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business models, strategies and technologies

Reduxing the redoubtable Honda Cub

IMHO, one of the biggest cultural deficiencies of Danish life is that there are no Honda Cubs on the road. Time to reconsider, 60 years on?

In my humble opinion, one of the biggest cultural deficiencies of life in Denmark is the absence of the ubiquitous, unbreakable Honda C50 Cub – tiny, tough and quirkily wonderful. In continuous production since 1958 with output passing 100 million by 2017, more of these little wonders have been manufactured than any other motor vehicle in history. Unfortunately, it’s an unknown phenomenon in Denmark where I live, because it’s banned by the all-smothering mantle of Danish bureaucracy and vehicle regulatory restrictions. By contrast, the Honda Cub is a force of nature throughout Asia, where a lot of the current design and engineering revitalisation is taking place for this huge market.

The Honda Cub/Super Cub is technically a “step through” or “underbone” motorcycle (reactionaries and purists would call it a moped, but they don’t “get” it) with a pressed steel monocoque chassis and the engine below the central spine. It had a three-speed gearbox with an automatic clutch, and the left-foot gear shift was a work of unmitigated mechanical genius. You just had to mash some part of your foot down on the front of the rocker arm to change up, and on the back to change down. Totally idiot-proof, and therefore ideal for me. And millions of others.

Honda C50 (not mine, unfortunately)

Honda C50 (not mine, unfortunately)

My little grey Honda C50 taught me to ride a two-wheeled motorised thingy, taught me to explore the architecture of tiny country churches all over Yorkshire and taught me to look after (simple) things mechanical. It was a vital part of my university education, and (indirectly) turned me on to two profoundly influential books by the amazing Robert M. Pirsig – Zen and the Art of Motorcycle Maintenance (1974) and then Lila: An Inquiry into Morals (1991). It’s only with hindsight that I realise how much of an impact these books and this mindset had on my whole way of thinking, as well as on my style of writing.

Top Gear seal of approval

The PC-averse motoring connoisseurs from Top Gear classic have echoed my sentiments. The baleful glare of Top Gear scathing attention can kill or bless any automotive product, but the Honda Cub just blissfully sailed through it all. James May rode a Honda Cub all the way up through Vietnam, with a marble statue on the carrier. And I’m pretty sure I also remember Richard Hammond toughness-testing one, with the multiple misdeeds involving fuelling it on used deep-frying oil from a fish’n’chip shop.

Even the redoubtable petrolhead Jay Leno is a big fan – see his video about the Honda Cub here.

Next-generation oomph

Six decades on, the Honda Cub/Super Cub isn’t dead. There’s a 2019 model, and in 2018 Honda got the Thailand-based motorcycle shop K-Speed to craft this delectable customised version.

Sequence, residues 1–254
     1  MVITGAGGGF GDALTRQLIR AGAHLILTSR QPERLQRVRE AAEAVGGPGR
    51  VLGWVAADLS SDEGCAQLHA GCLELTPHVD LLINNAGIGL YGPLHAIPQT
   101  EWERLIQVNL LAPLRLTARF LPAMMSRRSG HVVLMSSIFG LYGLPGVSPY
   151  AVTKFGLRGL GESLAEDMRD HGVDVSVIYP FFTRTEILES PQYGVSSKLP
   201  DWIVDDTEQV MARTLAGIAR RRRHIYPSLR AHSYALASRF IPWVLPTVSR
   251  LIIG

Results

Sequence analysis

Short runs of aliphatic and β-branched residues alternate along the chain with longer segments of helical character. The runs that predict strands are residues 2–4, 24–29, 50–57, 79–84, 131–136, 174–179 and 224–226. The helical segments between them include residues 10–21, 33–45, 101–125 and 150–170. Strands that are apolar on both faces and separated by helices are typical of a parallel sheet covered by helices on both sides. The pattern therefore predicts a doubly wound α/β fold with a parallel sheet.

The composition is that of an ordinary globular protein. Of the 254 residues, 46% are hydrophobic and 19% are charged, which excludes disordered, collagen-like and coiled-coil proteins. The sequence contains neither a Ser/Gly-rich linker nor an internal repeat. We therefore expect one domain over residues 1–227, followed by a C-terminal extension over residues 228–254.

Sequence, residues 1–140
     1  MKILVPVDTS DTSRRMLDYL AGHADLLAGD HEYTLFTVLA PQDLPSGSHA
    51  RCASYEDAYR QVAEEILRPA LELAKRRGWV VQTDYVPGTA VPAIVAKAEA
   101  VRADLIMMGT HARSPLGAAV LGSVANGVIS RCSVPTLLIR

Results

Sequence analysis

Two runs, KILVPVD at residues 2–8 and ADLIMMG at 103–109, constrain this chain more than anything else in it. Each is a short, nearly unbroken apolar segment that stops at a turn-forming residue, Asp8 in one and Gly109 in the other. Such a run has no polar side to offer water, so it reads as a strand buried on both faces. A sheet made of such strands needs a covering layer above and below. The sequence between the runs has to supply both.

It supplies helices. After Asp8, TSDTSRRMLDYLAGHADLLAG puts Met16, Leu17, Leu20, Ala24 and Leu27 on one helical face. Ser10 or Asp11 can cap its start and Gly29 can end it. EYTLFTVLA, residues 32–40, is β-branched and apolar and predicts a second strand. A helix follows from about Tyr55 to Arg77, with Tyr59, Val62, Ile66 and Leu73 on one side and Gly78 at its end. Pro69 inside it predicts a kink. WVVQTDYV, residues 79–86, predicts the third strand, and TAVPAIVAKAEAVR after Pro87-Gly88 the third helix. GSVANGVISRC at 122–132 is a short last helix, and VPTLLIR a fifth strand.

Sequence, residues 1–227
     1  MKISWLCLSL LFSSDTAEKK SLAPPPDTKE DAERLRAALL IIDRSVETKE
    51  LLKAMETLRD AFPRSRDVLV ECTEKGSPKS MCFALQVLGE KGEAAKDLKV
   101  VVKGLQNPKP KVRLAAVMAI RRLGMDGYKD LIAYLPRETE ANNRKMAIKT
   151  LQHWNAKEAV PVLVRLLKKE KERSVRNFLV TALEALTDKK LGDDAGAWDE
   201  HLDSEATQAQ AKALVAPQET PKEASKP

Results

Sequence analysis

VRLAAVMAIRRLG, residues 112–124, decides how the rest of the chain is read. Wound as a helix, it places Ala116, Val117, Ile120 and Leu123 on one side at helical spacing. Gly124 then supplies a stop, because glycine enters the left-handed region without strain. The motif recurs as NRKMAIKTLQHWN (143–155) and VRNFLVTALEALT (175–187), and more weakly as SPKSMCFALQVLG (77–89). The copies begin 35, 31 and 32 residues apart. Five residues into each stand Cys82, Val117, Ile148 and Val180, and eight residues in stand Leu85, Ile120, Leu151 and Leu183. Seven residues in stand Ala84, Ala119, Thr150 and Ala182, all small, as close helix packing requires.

K-Speed Super Cub to mark 60th production year

The pressed steel monocoque chassis and the engine below the central spine. This makes it a bit difficult to modify, but that hasn’t stopped custom builders from tweaking this design icon in all directions – some tasteful and low-key, others bordering on the insane. Honda Cub customisers have their own YouTube channels like this and Pinterest sites like this – no less wacky, skilled and imaginative than any of the big-league horsepower honchos.

Honda Super Cub kitted out by K-speed and Storm Aeropart

Heritage mining candidate

Over the years, engine capacity has ranged from 49 to 124 cc., so a Cub is never going to rip your arms out of their sockets. But what the Cub lacks in performance, it makes up for in style as well as utility. The Honda Cub was never a snarling technology monster or torque triumphator. It’s sedate, safe and almost sassy in its timelessness. It lasts for ages and its tiny engine uses hardly any fuel, so in terms of overall environmental impact you might even argue that it’s just as responsible as new electro-transport solutions. In fact, Shanghai Customs has developed the eCub 2, by combining the classic Super Cub chassis with an all-electric drive train, providing an ideal personal transport solution for Chinese cities.

Whatever the Cub may lack in performance, it more than makes up for it in quirky kudos and timeless style. Not for nothing does Thai Honda market these redoubtable machines as “Forever retro“. In a modern world of low-impact personalised transportation, couldn’t it be a good candidate for the kind of heritage mining that has revived the gorgeousness of the E-Type Jag, Aston Martins, Jensen Interceptors (in the UK) and Singer Porsches in the US? Sign me up …



External info
and for seriously serious Honda Cub geeks .... https://www.pinterest.dk/pin/271271577538130677/